Tie Dye Techniques and Instructions

Tie dye is a great way to make old things new again and once you learn the basic tie dye techniques and instructions, you can start updating unloved t-shirts, jersey knits and even bed linens. You will be a hit with your hiking club. There are several knotting patterns and dye methods you can use to create custom designs, but the best way to determine how to control color and create designs is to experiment.

Choosing the Right Fabrics
You probably already know you can tie dye a t-shirt, but did you know that any object made from 100% natural fibers will take the dye? Canvas and linen respond to tie dye just as well as your beloved t-shirts. Try to avoid dyeing blends like rayon. It may take the dye, but you results will be mixed.

Generally, you'll want to choose light-colored fabrics unless you're dyeing with bleach or have chosen dyes formulated to work with bright- or dark-colored fabrics. If you're starting with an item that's colored, take that into account when you're choosing your dye colors.

If you're starting with a yellow shirt and use blue dye, the result is green, not blue over yellow. When you're just beginning to learn how to tie dye, work with items of clothing you already own that are destined for donation or to be cut up into cleaning rags. There's always an element of surprise when you're working with dyes, and you don't want any early failed experiments to ruin items you intend to keep and wear.

Choose Your Dyes Wisely
There are many tye dye methods, and thus, there are many different kinds of tie dye supplies you can use. Look for dyes that are labeled cold-water dyes. The colors are more vibrant and you won't need to add heat to activate the dye. Of course you can use regular dyes in more muted colors or you can experiment with bleach to tie dye black and other dark-colored fabrics.

Make your dye choices well in advance of dyeing day, making sure you balance the color gradations. If you choose two dark dyes like purple and forest green for example, anywhere the dyes meet will come out brown. Beginners would do best to choose no more than three colors, each one lighter than the next or purchase only primary colors (red, yellow and blue) which you can mix to make other colors you may want to use.

Tie Dye Supplies
Tie dyeing is best done in an area, like the garage or laundry room, where you can reasonably make a mess and won't feel badly if the dye stains any surfaces it comes into contact with. In other words: don't tie dye in rooms that are carpeted or near any furniture. Regardless of where you do your dying, use a painter's tarp to catch any dye that spills or splatters.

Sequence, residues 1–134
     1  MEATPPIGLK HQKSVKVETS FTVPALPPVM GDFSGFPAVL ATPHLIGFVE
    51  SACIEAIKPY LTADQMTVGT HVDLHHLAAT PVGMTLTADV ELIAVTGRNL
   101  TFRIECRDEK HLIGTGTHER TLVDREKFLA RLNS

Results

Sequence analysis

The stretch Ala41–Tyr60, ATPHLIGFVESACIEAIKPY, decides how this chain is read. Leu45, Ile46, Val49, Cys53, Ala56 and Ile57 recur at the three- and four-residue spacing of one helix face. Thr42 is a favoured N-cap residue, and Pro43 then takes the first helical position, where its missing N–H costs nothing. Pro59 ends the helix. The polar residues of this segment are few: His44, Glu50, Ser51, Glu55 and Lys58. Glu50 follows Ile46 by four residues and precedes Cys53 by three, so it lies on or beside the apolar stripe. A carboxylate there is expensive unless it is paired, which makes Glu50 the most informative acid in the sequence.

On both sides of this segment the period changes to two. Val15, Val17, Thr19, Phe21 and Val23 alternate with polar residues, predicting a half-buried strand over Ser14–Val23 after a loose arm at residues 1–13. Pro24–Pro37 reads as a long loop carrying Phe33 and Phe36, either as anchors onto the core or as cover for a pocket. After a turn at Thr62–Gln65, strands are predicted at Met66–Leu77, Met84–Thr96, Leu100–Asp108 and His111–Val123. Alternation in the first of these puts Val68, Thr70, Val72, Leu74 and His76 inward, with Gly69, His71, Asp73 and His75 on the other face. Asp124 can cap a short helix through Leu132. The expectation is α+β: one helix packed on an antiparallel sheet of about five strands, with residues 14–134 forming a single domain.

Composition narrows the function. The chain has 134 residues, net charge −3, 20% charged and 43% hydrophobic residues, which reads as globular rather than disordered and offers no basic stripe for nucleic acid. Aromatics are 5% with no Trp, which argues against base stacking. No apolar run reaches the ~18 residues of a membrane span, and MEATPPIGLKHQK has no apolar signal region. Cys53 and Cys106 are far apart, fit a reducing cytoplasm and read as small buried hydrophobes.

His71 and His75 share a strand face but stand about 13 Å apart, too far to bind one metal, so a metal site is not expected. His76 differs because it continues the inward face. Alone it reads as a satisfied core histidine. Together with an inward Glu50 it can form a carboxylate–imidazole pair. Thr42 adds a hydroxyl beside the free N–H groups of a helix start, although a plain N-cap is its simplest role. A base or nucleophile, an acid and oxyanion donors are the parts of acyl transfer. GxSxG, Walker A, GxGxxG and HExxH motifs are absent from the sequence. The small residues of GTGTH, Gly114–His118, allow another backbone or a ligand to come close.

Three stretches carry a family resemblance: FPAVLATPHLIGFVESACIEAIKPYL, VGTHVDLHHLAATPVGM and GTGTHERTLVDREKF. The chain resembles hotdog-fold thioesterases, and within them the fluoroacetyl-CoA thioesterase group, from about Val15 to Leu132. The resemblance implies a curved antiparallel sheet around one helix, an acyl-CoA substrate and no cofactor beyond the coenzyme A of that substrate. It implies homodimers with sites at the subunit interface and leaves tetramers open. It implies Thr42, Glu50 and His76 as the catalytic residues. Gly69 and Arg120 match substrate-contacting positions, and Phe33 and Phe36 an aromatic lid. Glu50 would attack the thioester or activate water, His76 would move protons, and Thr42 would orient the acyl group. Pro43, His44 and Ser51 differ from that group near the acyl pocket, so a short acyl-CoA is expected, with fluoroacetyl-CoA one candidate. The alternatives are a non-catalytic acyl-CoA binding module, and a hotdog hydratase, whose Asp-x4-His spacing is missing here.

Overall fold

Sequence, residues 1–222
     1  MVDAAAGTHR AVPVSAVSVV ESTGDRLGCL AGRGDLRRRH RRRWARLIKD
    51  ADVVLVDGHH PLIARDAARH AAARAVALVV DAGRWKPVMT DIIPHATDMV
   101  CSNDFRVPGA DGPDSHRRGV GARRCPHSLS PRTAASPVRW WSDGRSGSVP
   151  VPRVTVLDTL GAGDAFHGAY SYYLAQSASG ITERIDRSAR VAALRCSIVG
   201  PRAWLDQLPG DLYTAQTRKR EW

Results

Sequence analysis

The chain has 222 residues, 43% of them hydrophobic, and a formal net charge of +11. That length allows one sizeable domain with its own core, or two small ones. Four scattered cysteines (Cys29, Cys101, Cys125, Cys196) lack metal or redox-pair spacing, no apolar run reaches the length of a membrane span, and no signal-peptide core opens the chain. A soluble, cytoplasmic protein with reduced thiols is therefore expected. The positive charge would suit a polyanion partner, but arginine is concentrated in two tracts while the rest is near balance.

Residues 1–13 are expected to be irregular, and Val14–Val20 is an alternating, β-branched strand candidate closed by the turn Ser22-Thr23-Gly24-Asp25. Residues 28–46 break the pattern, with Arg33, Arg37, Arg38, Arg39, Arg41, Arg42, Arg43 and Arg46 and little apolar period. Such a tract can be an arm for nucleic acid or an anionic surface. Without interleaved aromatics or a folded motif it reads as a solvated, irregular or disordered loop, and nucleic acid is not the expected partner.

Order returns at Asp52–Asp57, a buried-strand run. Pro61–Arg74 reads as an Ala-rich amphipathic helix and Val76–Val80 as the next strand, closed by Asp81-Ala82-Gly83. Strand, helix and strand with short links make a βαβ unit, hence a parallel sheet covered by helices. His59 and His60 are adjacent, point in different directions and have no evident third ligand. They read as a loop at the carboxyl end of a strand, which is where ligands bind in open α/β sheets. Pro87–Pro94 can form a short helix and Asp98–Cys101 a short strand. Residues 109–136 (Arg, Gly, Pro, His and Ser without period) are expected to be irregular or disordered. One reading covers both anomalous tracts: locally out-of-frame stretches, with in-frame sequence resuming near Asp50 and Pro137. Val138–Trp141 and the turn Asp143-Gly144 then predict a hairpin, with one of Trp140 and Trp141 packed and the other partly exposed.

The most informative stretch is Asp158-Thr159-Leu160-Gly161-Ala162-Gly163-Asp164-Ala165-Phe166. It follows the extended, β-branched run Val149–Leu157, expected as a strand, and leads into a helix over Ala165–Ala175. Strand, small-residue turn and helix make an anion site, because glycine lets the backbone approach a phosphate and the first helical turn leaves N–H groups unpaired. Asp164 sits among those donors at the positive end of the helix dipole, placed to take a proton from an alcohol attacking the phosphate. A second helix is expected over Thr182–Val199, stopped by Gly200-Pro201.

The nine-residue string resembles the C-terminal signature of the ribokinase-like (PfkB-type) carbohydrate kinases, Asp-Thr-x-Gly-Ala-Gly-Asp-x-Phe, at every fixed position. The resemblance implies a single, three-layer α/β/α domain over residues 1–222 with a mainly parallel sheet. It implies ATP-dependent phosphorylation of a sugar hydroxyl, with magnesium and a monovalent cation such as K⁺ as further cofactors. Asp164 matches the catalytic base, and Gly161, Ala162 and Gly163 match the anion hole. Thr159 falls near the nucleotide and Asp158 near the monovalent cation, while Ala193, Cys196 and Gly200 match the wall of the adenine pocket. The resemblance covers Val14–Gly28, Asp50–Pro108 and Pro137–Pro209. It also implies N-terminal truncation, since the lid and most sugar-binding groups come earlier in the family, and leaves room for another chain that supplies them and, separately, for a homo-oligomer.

A basic tie dye supply list includes:

  • The item(s) to be dyed
  • Water
  • Buckets
  • Soda Ash
  • Squeeze bottles
  • Rubber Bands
  • Gloves

Soda ash helps prepare the items you're dyeing to capture and retain the dye color. Use the squeeze bottles for easy dye application. Rubber bands are essential to help keep twists and knots in the fabric from coming undone which will compromise your design. Gloves will protect your hand from the dye during the dyeing and rinsing process.

Pattern Techniques
With tie dyeing, you don't just dip the fabric into the dye and call it a day. The way you knot and twist the fabric as well as apply the rubber bands is what determines the pattern that results.

Common tie dye patterns include starbursts and spirals, but with some practice you can produce thick stripes and even hearts. The best way to learn is with hands-on practice. The more you dye, the more you'll understand what knots, twists and rubber band positions produce which images.

Once you're familiar with the art of tie dyeing, you can move into advanced techniques like batik dyeing, which involves using wax to coat areas of the fabric you don't want to dye.  

The Dyeing Process: Squeeze Bottle Dyeing
Knot your fabric first, then follow the manufacturer's instructions to prepare the dye before using. Most dyes need to be mixed with hot water and salt before application. When the dye is ready, fill your squeeze bottles with the colors you want to use.

Use the bottles to apply the dye to each section of the fabric you want to dye. Once you've applied the dye, wring the shirts to release excess dye, keeping the rubber bands and knots in place. Then, place the item into a sealable bag to dry overnight. Once the item is dry, rinse it with warm water (this is where your bucket comes in handy if you don't have a large, stainless steel sink), then rinse it again, this time with cool water. Remove the bands during the second rinsing.

When you're satisfied that all excess dye has been removed, allow the shirt to dry, ideally in a cool place, for at least a day before washing or wearing.


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